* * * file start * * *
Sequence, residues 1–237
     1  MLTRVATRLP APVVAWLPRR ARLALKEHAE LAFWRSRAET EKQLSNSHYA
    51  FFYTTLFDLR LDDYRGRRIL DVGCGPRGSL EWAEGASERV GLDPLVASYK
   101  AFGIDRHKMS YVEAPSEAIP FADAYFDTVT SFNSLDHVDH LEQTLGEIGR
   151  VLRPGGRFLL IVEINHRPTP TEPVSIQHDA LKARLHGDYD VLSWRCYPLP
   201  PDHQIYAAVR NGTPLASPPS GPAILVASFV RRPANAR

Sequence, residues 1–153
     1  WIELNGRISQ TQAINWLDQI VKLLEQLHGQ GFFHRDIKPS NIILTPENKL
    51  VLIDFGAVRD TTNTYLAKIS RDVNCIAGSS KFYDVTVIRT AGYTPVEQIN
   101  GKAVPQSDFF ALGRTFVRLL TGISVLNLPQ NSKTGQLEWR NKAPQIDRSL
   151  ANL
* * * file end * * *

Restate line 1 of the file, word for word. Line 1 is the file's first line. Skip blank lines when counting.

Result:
Sequence, residues 1–237